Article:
In-Camera HDR Detailed Tutorial - How to create High Dynamic Range images

This video explains into depth how to create a photograph that offers an increase in the dynamic range (or higher dynamic range) that is done by using your camera's Multiple Exposure alone rather than using Photomatix HDR (High Dynamic Range) photographic image software, which usually result in unusable garbage due to lack of knowledge in tone mapping.

Since doing this in-camera offers realistic higher dynamic range than garbage results coming from Photomatix.

No, you cannot use Auto Exposure Bracketing while Multiple Exposure because with AEB enabled, the Multiple Exposure will be disabled. Enjoy.

Multiple Exposure supported camera models:
• D3-Series
• D2-Series
• D700
• D300 / D300s
• D200
• D7000
• D90
• D80

Camera models that do not support Multiple Exposure:
• D1-Series
• D100
• D3000
• D3100
• D5000
• D70 / D70s
• D60
• D50
• D40X
• D40



Photo retouching: Make HDR (High Dynamic Range) pictures - HDR Tutorial

HDR technique enhances details in a picture and allows achieving truly unique results. It can be carefully used in order to produce most natural results, while a heavier processing would lead to more particular creative results.

The software tools needed to produce HDR images are a RAW file processor (Photoshop is ok), and an HDR specific software, the most famous one is PhotoMatix.

How to shoot the pictures
There are two ways to get source pictures for an HDR processing.The first one relies on the AEB (Automatic Exposure Bracketing) function of the camera: it allows setting the camera to automatically shoot three pictures of the same subject, each with a different exposure level.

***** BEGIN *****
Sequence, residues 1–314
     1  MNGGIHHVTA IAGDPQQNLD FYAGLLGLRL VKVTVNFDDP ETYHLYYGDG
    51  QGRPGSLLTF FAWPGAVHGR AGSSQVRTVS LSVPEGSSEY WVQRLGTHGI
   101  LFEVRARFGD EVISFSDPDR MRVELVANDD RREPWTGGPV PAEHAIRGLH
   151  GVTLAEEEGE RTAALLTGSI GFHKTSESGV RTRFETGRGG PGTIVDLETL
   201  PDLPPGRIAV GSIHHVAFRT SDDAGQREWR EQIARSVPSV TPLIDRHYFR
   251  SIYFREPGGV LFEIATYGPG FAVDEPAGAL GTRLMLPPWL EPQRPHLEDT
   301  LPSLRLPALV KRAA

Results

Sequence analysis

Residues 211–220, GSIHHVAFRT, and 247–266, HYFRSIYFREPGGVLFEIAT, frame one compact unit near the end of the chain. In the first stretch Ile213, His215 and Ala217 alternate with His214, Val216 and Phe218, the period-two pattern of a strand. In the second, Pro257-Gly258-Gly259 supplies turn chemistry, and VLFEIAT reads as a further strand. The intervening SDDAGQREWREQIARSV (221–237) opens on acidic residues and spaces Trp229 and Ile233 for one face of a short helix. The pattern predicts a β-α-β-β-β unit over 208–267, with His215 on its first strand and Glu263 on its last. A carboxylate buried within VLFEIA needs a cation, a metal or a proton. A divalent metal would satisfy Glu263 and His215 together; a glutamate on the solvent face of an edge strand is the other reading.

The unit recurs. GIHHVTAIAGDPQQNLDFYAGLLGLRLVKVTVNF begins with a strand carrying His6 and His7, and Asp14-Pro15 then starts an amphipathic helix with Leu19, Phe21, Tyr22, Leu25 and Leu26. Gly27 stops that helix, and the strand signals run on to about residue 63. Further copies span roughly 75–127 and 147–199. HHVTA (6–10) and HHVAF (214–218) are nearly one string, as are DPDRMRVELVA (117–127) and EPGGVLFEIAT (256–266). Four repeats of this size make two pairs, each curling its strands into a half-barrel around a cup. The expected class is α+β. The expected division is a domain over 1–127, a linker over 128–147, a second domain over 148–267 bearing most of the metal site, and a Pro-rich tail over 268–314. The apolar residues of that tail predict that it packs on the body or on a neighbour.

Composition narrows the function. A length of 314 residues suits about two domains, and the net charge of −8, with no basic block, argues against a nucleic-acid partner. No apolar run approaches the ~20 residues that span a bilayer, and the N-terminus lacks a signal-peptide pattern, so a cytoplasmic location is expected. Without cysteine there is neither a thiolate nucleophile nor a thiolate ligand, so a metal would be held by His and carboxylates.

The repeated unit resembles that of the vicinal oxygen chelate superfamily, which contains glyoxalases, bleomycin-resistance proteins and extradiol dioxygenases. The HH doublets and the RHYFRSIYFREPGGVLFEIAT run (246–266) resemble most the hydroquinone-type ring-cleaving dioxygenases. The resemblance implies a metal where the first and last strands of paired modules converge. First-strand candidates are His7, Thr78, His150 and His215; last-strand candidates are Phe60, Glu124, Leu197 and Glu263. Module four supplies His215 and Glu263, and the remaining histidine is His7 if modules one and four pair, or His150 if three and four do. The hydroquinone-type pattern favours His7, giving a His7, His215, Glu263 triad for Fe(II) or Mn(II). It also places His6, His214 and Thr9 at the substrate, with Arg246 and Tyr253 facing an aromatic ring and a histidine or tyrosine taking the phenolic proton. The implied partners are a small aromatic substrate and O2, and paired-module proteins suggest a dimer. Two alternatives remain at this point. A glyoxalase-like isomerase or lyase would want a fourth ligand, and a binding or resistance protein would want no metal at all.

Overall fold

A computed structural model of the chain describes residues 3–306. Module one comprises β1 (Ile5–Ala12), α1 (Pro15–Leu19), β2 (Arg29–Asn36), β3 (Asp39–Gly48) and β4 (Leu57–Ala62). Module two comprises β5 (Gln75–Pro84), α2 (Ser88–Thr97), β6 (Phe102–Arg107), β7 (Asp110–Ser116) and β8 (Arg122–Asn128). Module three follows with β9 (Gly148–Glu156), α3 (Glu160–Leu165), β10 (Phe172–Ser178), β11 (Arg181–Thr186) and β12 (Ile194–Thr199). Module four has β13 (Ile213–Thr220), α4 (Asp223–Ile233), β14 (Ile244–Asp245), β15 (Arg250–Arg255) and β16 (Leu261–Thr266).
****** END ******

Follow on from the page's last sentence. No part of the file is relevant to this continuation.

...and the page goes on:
The second one requires a single RAW shot, which will be used to produce three or more images during the post-processing phase.


Tutorial HDR Photography - How to realize HDR photographies

High Dynamic Range, technichally speaking, means achieving as a result a very wide dynamic range, exceeding the physiscal limits of the sensor, thanks to the possibilty of easily combine digital pictures each having exposure settings optimized for the different areas of the scene.

From this definition follows that it is impossible to achieve a true HDR picture from a single shot, because a single shot has a dynamic range inside the sensor's limits.
The HDR technique has some limitations, as all techniques, the main one is that it can only be applied to static subjects and scenes, with the camera mounted on a tripod.
Sometimes the term HDR is referred not to a photo-editing technique, but to pictures showing very saturated colors, high contrast and diffused brightness allover the image, whose can be obtained from a single shot with some post-production job. But this is not a true HDR in the sense we meant in this paper, it is just post-production.
The main characteristic of a true HDR picture is a very wide dynamic range, wider than the sensor can phisically capture, and therefore with "opened" shadows and "limited" highlights even when the contrast is high, in those situations where a sensor would tipically close shadows and/or burn highlights. Situations where a single shot (whatever the RAW file is processed) cannot contains complete information. Therefore, it is obvious that it is impossible to get HDR images from a single RAW file.


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